Ammon Bundy is building a far-right theocratic army under the guise of defending ‘rights'
There's been a buffoonish quality to Ammon Bundy's brand of far-right "constitutionalist" politics over the past six months, primarily organized in a typically paranoid response to COVID-19-related public-health measures: Protesting at the home of a police officer who had arrested an anti-vaccination fanatic for violating the closure of a playground. Trying to bully his way inside a health-board meeting. Getting arrested twice in two days for ignoring his ban from the Idaho Statehouse. Going maskless at a Caldwell High School football game that forced the game to be called off, for which he was not only ejected but banned from future games by the local school district.
The endless antics, however, have always obfuscated a darker, much more dangerous agenda. A disturbing new in-depth report by Devin Burghart at the Institute for Research and Education on Human Rights reveals that all the time that Bundy has been gathering media time and headlines, he's been building a massive army of volunteers—a network called People's Rights—intent on imposing a far-right authoritarian state, all under the guise of defending individual rights.
Bundy first announced the formation of the People's Rights network in March, when he held a gathering not far from his home in Emmett, Idaho, discussing plans to organize people to form ad-hoc gatherings to "defend" local citizens against COVID-19-related "tyranny." Bundy told the audience that they didn't need to obey the governor's stray-at-home or business-closure orders. And he pledged to bring fellow "Patriots" to the rescue if anyone felt pressure from "authorities" to comply.
"I will be there," Bundy told the Idaho Press. "I will bring as many people as we can. We will form a legal defense for you, a political defense for you, and we will also, if necessary, provide a physical defense for you, so that you can continue in your rights."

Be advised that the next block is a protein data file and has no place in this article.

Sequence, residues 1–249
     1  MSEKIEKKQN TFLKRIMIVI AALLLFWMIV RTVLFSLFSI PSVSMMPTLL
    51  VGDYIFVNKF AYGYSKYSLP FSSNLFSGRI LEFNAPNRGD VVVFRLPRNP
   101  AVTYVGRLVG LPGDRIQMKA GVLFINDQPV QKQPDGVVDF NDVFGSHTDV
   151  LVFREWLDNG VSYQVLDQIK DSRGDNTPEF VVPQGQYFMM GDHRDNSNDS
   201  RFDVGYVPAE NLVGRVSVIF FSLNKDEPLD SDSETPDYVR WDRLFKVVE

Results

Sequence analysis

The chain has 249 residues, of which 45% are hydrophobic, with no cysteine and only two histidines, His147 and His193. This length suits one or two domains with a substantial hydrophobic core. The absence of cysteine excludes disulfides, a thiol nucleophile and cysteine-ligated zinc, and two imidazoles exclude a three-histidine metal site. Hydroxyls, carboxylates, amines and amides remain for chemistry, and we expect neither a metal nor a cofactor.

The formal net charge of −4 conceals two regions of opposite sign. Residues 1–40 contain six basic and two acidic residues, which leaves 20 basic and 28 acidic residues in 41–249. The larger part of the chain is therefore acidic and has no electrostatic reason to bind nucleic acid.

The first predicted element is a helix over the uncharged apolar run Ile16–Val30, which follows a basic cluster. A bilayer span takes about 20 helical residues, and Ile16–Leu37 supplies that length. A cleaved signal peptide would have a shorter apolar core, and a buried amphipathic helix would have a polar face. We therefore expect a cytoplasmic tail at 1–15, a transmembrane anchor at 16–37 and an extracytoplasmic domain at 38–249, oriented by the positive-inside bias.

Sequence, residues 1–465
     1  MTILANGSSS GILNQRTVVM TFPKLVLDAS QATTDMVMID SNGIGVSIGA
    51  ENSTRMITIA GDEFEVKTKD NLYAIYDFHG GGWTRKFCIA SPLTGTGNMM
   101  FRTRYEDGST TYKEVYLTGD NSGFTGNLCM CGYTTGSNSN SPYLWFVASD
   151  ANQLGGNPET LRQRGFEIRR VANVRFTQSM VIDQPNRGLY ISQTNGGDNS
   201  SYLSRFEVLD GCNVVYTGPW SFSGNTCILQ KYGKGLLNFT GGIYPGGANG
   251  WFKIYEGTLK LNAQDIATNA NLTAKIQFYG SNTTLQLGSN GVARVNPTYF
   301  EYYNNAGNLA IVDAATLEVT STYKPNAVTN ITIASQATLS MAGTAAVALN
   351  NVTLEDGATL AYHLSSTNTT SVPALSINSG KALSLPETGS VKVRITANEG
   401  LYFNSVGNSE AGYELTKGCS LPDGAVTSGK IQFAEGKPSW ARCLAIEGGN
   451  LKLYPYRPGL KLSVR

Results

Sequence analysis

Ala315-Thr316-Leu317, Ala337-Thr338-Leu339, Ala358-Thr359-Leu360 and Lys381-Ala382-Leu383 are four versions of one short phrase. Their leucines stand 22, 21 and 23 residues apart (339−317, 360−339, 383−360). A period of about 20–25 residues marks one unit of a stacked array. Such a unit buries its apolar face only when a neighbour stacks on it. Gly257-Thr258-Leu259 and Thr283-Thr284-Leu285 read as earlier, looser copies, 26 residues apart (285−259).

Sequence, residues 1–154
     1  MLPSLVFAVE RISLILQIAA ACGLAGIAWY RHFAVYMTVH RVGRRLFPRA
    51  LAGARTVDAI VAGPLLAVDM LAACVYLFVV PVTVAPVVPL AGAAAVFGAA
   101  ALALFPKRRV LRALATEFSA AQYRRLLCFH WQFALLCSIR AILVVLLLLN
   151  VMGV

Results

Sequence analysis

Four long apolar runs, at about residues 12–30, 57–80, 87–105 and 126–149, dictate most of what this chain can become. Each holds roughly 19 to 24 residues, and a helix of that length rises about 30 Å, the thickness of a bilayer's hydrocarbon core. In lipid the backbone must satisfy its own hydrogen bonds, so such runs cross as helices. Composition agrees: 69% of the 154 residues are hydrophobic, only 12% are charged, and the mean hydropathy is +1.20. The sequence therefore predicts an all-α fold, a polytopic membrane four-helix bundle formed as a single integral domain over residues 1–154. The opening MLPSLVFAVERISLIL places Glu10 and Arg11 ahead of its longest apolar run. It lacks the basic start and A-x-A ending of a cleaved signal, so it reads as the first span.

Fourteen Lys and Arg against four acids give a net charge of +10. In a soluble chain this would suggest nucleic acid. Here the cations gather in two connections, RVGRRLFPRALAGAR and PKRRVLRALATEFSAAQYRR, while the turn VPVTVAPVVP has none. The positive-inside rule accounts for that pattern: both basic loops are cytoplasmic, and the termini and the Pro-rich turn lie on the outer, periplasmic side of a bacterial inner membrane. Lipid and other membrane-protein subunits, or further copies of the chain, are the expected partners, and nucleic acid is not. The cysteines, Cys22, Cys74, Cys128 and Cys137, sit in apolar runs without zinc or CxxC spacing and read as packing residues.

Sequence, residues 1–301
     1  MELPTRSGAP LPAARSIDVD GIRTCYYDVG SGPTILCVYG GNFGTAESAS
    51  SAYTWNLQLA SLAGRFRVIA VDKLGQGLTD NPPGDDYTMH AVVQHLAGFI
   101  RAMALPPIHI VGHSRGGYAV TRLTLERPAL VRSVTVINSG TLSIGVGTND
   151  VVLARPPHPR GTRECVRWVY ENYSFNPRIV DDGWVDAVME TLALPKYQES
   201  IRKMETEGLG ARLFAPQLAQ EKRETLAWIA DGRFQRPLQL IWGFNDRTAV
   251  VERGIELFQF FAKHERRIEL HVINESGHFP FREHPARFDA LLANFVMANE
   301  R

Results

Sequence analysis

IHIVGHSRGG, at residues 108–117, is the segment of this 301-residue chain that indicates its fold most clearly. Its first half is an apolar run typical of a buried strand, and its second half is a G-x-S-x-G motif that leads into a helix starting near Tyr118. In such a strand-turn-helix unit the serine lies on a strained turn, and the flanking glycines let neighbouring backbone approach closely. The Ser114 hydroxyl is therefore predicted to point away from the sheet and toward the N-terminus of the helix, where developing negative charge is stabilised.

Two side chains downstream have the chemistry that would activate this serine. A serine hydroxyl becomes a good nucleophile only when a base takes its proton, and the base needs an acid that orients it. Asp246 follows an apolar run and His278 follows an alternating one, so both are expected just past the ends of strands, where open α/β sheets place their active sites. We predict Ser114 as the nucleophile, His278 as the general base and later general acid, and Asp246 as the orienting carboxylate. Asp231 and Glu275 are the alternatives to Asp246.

As it has played out on the ground, these gatherings have become bellicose, and frequently armed, mobs protesting police officers at their homes, breaking into health-board meetings that were being held online, and breaking down the doors inside the Statehouse and attending committee meetings unmasked in order to intimidate state legislators.
The incident resulting in the cancellation of the football game between Caldwell and Emmett high schools is emblematic of these anti-democratic intimidation tactics at work.
Bundy, whose son plays for Emmett High, showed up in Caldwell for the game without a mask—though one was required for entry—and refused to put one on, first taking a seat in the stands, then moving to a fenced area away from the stands. As he livestreamed the exchange, Bundy refused to leave when game officials asked him to.
Moreover, members of his network watching on Facebook sprang into action and began phoning 911 dispatchers in Caldwell—not merely to complain, but to threaten and intimidate. The flood of threats was so overwhelming and worrisome that at halftime, officials announced the game was being cancelled.
"The threats made to dispatch appear to have stemmed from the dispute between Mr. Bundy and the Caldwell School District personnel that requested he wear a mask while attending the game," a Caldwell police spokesman told the Idaho Statesman. "The calls did specifically reference the football game."